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Alfred Cecil Walker
Born 17 December 1924
Belfast, Northern Ireland
Died 3 January 2007 (aged 82)
Newtownabbey, Northern Ireland

Sir Alfred Cecil Walker (17 December 1924 - 3 January 2007) was an Ulster Unionist Member of Parliament for North Belfast from 1983 to 2001.

Walker was born in Belfast. His father was a police constable. He was educated at Everton elementary school, Model Boys' school and Belfast Methodist College. He worked for the Belfast timber trader James P. Corry after leaving school in 1941 until he was elected to Parliament in 1983. He married Ann Verrant in 1953. They had two sons together.

He became actively involved in Unionist politics in the 1970s, and was elected to Belfast City Council in 1977. He contested the Belfast North constituency in the 1979 general election, narrowly losing to John McQuade of the Democratic Unionist Party. He won the seat 4 years later, in the 1983 general election, after McQuade retired. He was one of the MPs with the lowest attendance rate at Westminster.

Along with all other Unionist MPs, he resigned his seat in December 1985 in protest at the Anglo-Irish Agreement. He was re-elected at a by-election in January 1986. In 1988, he advocated internment of Provisional Irish Republican Army (IRA) suspects to stem a series of murders, but also argued for the interment of suspects connected with the Ulster Defence Association and the Ulster Volunteer Force. In 1998, he was one of only two UUP MPs to support the Good Friday Agreement without reservation, and he backed UUP leader David Trimble until the end of Trimble's own political career in 2005.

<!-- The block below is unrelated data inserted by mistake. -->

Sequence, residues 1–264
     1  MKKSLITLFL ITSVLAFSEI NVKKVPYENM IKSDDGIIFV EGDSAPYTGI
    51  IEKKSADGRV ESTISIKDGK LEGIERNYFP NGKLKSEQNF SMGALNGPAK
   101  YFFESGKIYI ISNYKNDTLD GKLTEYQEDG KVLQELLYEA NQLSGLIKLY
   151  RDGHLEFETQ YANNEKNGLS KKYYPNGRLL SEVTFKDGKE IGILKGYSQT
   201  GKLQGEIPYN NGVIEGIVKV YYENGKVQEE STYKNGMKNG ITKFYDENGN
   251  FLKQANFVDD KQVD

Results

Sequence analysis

However, he lost his own seat to Nigel Dodds of the DUP in the 2001 general election, following a disastrous televised debate at Crumlin Road Courthouse in his constituency, in which he stumbled over some of the most rudimentary questions. His vote declined from 21,000 to 4,000, and he was beaten into fourth place behind Sinn Féin and the Social Democratic and Labour Party (SDLP) - although this was also partly because there had been no DUP candidate in the previous general election.

He was noted for the moderation of his Unionist views, which contrasted with the deep sectarian divisions in his constituency. He said he would have no objection to amending the Act of Settlement 1701 to allow the heir to the throne to marry a Roman Catholic, and caused controversy in 2001 by saying that a united Ireland in 30 years time, after he was dead, may not be a bad thing. He received a knighthood in the Queen's Birthday Honours in June 2002.

He lived in Glengormley, in County Antrim, and died of a heart attack in Newtownabbey. He was survived by his wife and their two sons.


External links

Parliament of the United Kingdom
Preceded by
John McQuade
Member of Parliament for Belfast North
Succeeded by
Nigel Dodds


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